This offseason, the Bengals made it well-known they were looking to get younger and faster in all facets of the team. While they made limited moves in free agency, the team used 11 picks in the 2017 NFL Draft to influx the roster with athleticism and big-play capability.
Cincinnati used five of those picks on offense, with three of them coming in the first four rounds (running back Joe Mixon and wide receivers John Ross and Josh Malone). After a 2016 season marred by injury and underachievement on that side of the football, the Bengals have replenished the skill position stable, giving quarterback Andy Dalton a slew of big-time weapons to utilize in the years ahead.
Now, before we ask the question that is coming, let’s not be hasty in jumping to conclusions. He’s Cincinnati’s guy and this isn’t a call for him to be replaced.
Dalton is a Pro Bowl quarterback who has improved on a number of aspects of his game over the past two years—particularly in the area of turning over the ball. He’s set single-season passing records with the franchise, while a major “what if?” scenario hangs over Bengaldom had he not been injured for the 2015 Wild Card debacle against the Steelers.
Still, familiar stigmas hang with No. 14. He’s 0-4 as a postseason quarterback, throwing for just one touchdown against six interceptions, which is good (or bad) for a 57.8 rating. He has also struggled in other primetime games against quality opponents, which has caused the national perception to overshadow his substantial growth and production in recent seasons.
Still, with the amount of high-impact talent the team already has on the roster and the others they added last weekend, the embattled Bengals quarterback has a lot to work with in 2017. One has to wonder if pressure is finally mounting on the Bengals’ franchise quarterback to take the team to the next level.
Why Pressure Should Be Mounting:
High investments at key spots: Including this year’s draft class, the Bengals have two top-10 picks at receiver (Ross and future Hall of Fame wideout A.J. Green), as well as two other former second round picks in Tyler Boyd and Brandon LaFell. At running back, they have three second round selections at the position since 2012 in Mixon, Giovani Bernard and Jeremy Hill, as well as first and third round selections at tight end in Tyler Eifert and Tyler Kroft, respectively.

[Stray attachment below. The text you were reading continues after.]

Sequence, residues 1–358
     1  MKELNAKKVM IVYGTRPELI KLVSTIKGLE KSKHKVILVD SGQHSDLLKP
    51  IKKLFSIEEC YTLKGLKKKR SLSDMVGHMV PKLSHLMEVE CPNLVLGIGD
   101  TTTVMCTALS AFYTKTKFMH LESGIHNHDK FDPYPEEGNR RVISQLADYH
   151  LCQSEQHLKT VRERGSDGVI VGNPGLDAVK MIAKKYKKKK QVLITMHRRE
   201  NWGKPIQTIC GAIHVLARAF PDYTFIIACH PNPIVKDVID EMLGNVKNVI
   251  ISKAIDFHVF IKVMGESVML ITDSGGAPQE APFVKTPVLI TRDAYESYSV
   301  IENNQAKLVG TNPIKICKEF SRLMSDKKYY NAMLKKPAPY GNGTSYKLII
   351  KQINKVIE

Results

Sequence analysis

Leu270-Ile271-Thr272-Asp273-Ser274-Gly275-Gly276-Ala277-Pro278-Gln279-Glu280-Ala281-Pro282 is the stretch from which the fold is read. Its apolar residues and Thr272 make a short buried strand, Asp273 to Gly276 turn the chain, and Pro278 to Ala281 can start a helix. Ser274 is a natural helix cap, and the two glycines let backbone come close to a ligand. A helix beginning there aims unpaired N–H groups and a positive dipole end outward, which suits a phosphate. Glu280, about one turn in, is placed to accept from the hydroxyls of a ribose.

Even though the offensive line is a big question mark right now, they have made significant investments there in the Dalton era. The team used their top two picks in the 2015 draft on offensive tackles Cedric Ogbuehi and Jake Fisher.
The structure of Dalton’s contract: While Dalton signed a contract that was both personally lucrative and team-friendly back in 2014, the team does have an option to get out of the deal after this season, if they so choose. While it seems like a little bit of a short leash, should they cut ties at that point, the surrounding talent can’t be ignored—even if there are a number of inexperienced faces.
Aforementioned primetime struggles: We’ve covered this issue of primetime struggles extensively here at Cincy Jungle, so we won’t go into greater detail, but the bottom line is that though Dalton has been a winning quarterback in his time with the Bengals, he hasn’t proven to be able to regularly win the biggest games. With so many exciting playmakers at his disposal, the excuses for his poor play on those stages might be running empty.
The team’s seemingly-high respect for AJ McCarron: Even though he’s started just four NFL games, he’s been the talk of many trade rumors during the past two offseasons. Because the Bengals’ front office and coaches really like him, they supposedly have been asking upwards of a first round pick for him, even as recently as the hours preceding day two of this year’s draft. They didn’t have any takers for their steep price, so it looks like he’s remaining a Bengal for 2017. And, though he didn’t light the NFL world on fire in those four games as a starter in 2015, he did have the team on the precipice of one of their biggest wins in franchise history.